This item is clearly a winner. If you’ve ever seen warthog piglets or wobbly springbok lambs, you’ll know what we’re talking about. The cute factor is high in summer when the abundance of water – resulting in the abundance of food for herbivores – announces the arrival of all sorts of baby animals. It’s the “calving season” for a reason, and by January and February, you’ll be seeing newborn impala, wildebeest, warthog, zebra, blesbok, buffalo, springbok, elephant, and giraffe, depending where you are. Some of these animals give birth at any time of the year, like elephant, and so do predators, but most antelope drop their lambs and calves once the first rains have fallen and fresh grazing is on the way in.
The Kalahari is one place that totally transforms in the summer when the arrival of the rain means the dry desert starts to produce life in all forms. The Central Kalahari Game Reserve in Botswana becomes “the Green Desert” in January and it is a sight for sore eyes. The large herds of springbok here double in size as all the pregnant females finally release their newborns into the world.
Speaking of greenery, that really is what summer is about. Areas that receive summer rainfall blossom into their most magnificent forms. There is just no denying that seeing the bright eyes of a panting lioness through dewy strands of tall green grass makes for such striking and impactful visions in the bush. Gone is the dust and the dryness, the bare stalks and leafless branches, the empty canopies and the fruitless trees. What comes after the rain is a celebration of lush vegetation and full waterholes.
The verdant Bushveld creates shade and miniature ecosystems that last all summer long. Mud wallows become soggy once again and we get to see grumpy old buffalo bulls living their best life in the cool comfort of a muddy pool. Elephants splash and spray themselves and one another in a state of joy that is visible, even to our inferior human eye. There is enough for everyone, the great thirst is over, and the result is purely marvellous. If you can enjoy this aspect of nature, you’ll love summer on safari.
Frogs, insects, snakes and spiders…
Now, this one might not appeal to everyone, but we don’t want to hide the fact that summer time means the insects begin to thrive. Mosquito repellent will be your best friend, bedside fans and bug screens are essentials, and you might be waving your hand around to shoo a buzzing something or other from your face more often than usual. This too, is a part of the abundant summer! The hot, humid environment is perfect for insects and spiders and snakes and scorpions, and this is their home after all. Snakes are not seen much during the rest of the year, because they rely so much on natural heat to thermoregulate, so summer is really your best chance of seeing some of Africa’s beautiful serpentine species, like the adders and the cobras and harmless sand snakes and bush snakes.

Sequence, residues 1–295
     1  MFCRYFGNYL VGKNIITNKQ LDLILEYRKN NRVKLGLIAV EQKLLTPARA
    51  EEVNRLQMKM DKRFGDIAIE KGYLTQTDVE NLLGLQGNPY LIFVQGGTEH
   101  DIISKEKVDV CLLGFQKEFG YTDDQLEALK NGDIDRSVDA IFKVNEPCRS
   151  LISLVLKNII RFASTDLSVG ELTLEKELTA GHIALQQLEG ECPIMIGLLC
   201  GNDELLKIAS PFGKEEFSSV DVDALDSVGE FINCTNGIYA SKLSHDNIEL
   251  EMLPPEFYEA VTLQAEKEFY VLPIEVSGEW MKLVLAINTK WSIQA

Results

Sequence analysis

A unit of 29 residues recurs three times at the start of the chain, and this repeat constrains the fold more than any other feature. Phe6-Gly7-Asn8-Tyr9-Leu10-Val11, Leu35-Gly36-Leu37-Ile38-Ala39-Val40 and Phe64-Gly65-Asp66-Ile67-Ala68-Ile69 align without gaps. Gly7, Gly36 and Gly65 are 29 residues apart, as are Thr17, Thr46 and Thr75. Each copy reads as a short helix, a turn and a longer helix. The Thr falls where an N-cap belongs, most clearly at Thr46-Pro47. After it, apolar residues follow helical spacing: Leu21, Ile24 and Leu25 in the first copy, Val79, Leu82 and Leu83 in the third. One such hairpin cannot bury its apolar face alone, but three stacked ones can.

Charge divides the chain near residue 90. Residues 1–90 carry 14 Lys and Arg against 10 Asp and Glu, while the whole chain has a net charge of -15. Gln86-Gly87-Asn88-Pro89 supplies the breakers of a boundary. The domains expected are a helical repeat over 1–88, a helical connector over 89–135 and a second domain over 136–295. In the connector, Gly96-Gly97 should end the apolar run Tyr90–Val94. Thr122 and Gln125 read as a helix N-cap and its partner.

Also harmless and deserving of a little admiration is the golden orb spider, which is a lovely summer resident. These long-legged spiders spin webs that shimmer gold in the sunlight, giving them their apt name. They are not biters unless severely provoked, so enjoy looking at these docile arachnids to your hearts content. Photographers get excited about these static subjects and can play with their settings to capture these web-dwelling spiders in great light.
The sounds of summer are largely due to the arrival of the insects, like crickets, cicadas, and katydids, but as soon as darkness falls, the frogs are what dominate the safari soundtrack. From reed frogs to foam nest frogs to giant bullfrogs, frogs love the summer conditions, and we have the great fortune of being able to watch and listen to these fascinating amphibians. The African bull frog actually hibernates underground for the entire year until the first solid rains arrive, at which time they emerge and send their deep, croaking “ribbit” resounding through the bush.
If you want to find out about the best times to travel to Africa for a safari, we’ve written a blog about that too. You can read that here, but remember to ask your safari expert about summer and green season specials, because it’s worth it!
See you on safari!